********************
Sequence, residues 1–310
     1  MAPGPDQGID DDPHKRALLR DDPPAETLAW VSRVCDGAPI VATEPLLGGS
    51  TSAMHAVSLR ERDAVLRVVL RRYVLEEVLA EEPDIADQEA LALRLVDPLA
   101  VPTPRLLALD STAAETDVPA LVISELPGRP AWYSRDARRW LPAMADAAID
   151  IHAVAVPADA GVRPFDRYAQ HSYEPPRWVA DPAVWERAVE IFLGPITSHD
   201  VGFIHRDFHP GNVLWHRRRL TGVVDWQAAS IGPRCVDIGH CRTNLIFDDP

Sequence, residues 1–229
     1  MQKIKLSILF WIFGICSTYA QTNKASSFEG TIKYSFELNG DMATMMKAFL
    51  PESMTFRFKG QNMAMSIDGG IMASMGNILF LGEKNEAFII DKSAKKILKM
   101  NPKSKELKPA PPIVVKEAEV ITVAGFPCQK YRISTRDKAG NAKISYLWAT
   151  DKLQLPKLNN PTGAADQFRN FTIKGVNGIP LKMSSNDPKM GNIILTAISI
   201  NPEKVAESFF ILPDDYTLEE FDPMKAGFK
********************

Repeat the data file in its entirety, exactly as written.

Sequence, residues 1–310
     1  MAPGPDQGID DDPHKRALLR DDPPAETLAW VSRVCDGAPI VATEPLLGGS
    51  TSAMHAVSLR ERDAVLRVVL RRYVLEEVLA EEPDIADQEA LALRLVDPLA
   101  VPTPRLLALD STAAETDVPA LVISELPGRP AWYSRDARRW LPAMADAAID
   151  IHAVAVPADA GVRPFDRYAQ HSYEPPRWVA DPAVWERAVE IFLGPITSHD
   201  VGFIHRDFHP GNVLWHRRRL TGVVDWQAAS IGPRCVDIGH CRTNLIFDDP

Sequence, residues 1–229
     1  MQKIKLSILF WIFGICSTYA QTNKASSFEG TIKYSFELNG DMATMMKAFL
    51  PESMTFRFKG QNMAMSIDGG IMASMGNILF LGEKNEAFII DKSAKKILKM
   101  NPKSKELKPA PPIVVKEAEV ITVAGFPCQK YRISTRDKAG NAKISYLWAT
   151  DKLQLPKLNN PTGAADQFRN FTIKGVNGIP LKMSSNDPKM GNIILTAISI
   201  NPEKVAESFF ILPDDYTLEE FDPMKAGFK